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Apollo Update: Feeding Disorder Clinic Seattle

Feeding Disorder Clinic Seattle

Apollo using his doll carrier (toddler sized ergo)

Apollo had a pretty big visit to Seattle Children’s Hospital earlier this week. It was an appointment with the Behavioral Health Clinic to evaluate his current eating habits. I was at a birth, so didn’t get to go to the visit, but Chuck took him. The referral for this appointment was made 18 months ago. That’s right, a year and a half ago one of the doctors who saw Apollo decided he needed a thorough feeding evaluation, and he just now had it. Something needs to change with medical care in this country, my friends. An 18-month wait for a FEEDING APPOINTMENT? Ridiculous.

 

Anyway, prior to the visit I filled out a ten-page form about his past and present eating habits and what we “hoped to gain” from this appointment. It’s all a bit confusing me. In the three years, Apollo has had his feeding tube, nobody at Children’s has been overseeing it…Chuck said he ate for the occupational therapist who declared everything to be “perfect”.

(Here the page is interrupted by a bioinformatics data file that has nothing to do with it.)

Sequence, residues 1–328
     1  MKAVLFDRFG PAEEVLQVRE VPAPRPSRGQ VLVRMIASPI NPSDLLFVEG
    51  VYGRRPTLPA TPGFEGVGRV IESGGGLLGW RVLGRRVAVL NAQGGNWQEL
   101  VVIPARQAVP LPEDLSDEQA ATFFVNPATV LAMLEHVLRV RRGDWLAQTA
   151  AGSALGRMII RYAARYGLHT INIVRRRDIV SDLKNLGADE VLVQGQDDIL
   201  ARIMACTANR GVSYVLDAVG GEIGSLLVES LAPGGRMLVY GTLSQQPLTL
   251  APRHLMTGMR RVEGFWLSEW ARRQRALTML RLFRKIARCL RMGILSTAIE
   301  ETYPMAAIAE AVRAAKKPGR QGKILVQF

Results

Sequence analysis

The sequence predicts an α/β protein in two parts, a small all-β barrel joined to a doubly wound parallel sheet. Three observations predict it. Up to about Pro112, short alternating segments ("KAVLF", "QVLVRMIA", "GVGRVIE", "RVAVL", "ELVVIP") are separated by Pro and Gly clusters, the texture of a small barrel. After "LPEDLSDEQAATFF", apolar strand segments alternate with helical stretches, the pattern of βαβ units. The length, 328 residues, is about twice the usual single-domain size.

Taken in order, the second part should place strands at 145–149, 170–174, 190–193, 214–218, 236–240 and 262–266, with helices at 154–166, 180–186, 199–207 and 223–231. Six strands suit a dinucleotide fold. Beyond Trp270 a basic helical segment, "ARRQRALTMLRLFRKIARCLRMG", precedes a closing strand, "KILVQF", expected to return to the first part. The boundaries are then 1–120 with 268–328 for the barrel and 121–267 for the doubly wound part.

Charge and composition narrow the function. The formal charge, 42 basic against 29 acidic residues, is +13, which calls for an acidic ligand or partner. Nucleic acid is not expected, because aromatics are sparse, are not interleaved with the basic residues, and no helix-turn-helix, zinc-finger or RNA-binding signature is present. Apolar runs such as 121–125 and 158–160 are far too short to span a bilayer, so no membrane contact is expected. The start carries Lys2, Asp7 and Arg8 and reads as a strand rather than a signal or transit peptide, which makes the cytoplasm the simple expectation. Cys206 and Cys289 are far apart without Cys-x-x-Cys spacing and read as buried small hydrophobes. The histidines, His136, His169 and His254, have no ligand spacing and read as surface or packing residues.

Why Won’t Apollo Eat?

Apollo has all the mechanics in place and enjoys eating. Half of me is thrilled to hear this, the other half is that voice in my head who tells me we’ve been told that before. At his first feeding evaluation, we were told that my tiny, failing to thrive, and miserable toddler was simply afraid to eat. We were told then he had the mechanics down. He had no physical issues, except, you know, that heart defect and compressed esophagus no one had noticed yet.

Sorry to sound bitter, but when you deal with doctors as much as I do, you come to the very scary realization that doctors are human and make mistakes. Sometimes small ones and sometimes big ones. Feeding Disorder Clinic Seattle. Apollo using his doll carrier (toddler sized ergo)

We go back next week to hear if they plan to take him on and support him through, what I believe now would be called, his pediatric feeding disorder. As far as anyone can tell, there is no physical reason for him not to eat, but all wean attempts have been a fail. I’m one part excited and one part absolutely TERRIFIED.

Seattle Children's Hospital Feeding Disorder Clinic toddler-cuddle-pack-3

Cuddle Pack by Colleena Mareena Quilts

And see this cute little toddler baby carrier? Its called a Cuddle Pack and was sent to me by Colleen from Colleena Mareena Quilts. Apollo just loves it! This cuddle pack is very well made and high quality. I can see this Cuddle Pack lasting through several kids.

Apollo loves dolls and loves playing with them. He has several of his own (his favorites are Jonah Boy and Zane) and enjoys playing with his siblings’ dolls as well. Want to hear something funny, though? As much as Apollo loves this Cuddle Pack, and plays with it frequently, he’s not pretending to be the daddy to this baby. Oh, no. He calls this Cuddle Pack his Mech; as in Kai’s Fire Mech.